The Importance of Pentesting

Protect your company against hackers, not lamers

Blog The Importance of Pentesting

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Without a doubt, the recent events in relation to the infringement of privacy, such as the theft of personal information from celebrities, the Sony, Target, and Equifax hacks, and the big ransomware that affected Telefónica, make us reflect on how organizations protect their information.

In an economy greatly influenced by the digital era, where technology platforms are increasingly integrated into businesses and where changes and time-to-market have to be faster and faster, cybersecurity risks for companies are growing. Even more so when they focus only on meeting required security standards rather than actually being conscious of what is happening and what they are protecting themselves from.

In a rush to feel secure at a very low cost, many companies incur great risks by running "good security tests." They believe that these cheap assessments are enough to prove that they are secure, that they can meet the business needs and that it's fitting to release their software to production.

It's here where the so-called "lamers" come into play, who are essentially individuals or organizations that not only claim to have a certain expertise that they don't actually possess but also are not willing to learn. Technological societies come to call them out and label them as incompetent. In layman's terms, a lamer is someone who has below-average knowledge, some tools at their disposal and, obviously, knows how to google.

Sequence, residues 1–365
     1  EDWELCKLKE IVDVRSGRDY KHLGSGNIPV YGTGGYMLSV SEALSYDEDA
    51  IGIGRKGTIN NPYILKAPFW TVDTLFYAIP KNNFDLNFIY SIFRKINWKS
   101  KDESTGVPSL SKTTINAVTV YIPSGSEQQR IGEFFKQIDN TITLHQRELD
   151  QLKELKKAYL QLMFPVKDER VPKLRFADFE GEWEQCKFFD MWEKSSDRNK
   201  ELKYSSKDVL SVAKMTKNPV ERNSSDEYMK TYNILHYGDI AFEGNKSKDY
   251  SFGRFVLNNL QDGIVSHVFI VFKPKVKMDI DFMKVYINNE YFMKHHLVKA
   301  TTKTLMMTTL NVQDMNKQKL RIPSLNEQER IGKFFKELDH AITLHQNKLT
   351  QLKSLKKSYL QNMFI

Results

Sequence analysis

But, what does a lamer have to do with your company's sense of security?

Security testing is among the processes and controls companies implement to protect themselves. Organizations believe they are meeting the required security testing standards when they implement specific tools that perform vulnerability scans to comply with what their security areas require from the development teams to approve each software release. However, if the difference between vulnerability scanning and ethical hacking or pentesting is unclear, it can create a false sense of security, putting organizations at risk.

A vulnerability scan or analysis is a test performed by an automated tool to verify whether the ToE (target of evaluation) has known vulnerabilities previously reported in a central database such as the CVE (Common Vulnerabilities and Exposures). This implies that vulnerability scanning alone is not capable of discovering zero-day vulnerabilities. Anyone (a lamer) is capable of running an automated tool. However, the most challenging work comes afterward, analyzing the results and discarding the false positives (close to 35% of what is reported).

A vulnerability scan usually identifies exposed services with default passwords, weak authentication controls, outdated software, missing patches, etc. Security tests based on automated tools (vulnerability scanning with selective exploitation) cannot detect architectural design and implementation flaws from the attacker's point of view. Therefore, the vulnerability exploitation some vendors can make from these tests is based solely on the results obtained by the scanners and not on the attackers' cunning and ability to interpret the environment.


SQL injection exploit by acuberos.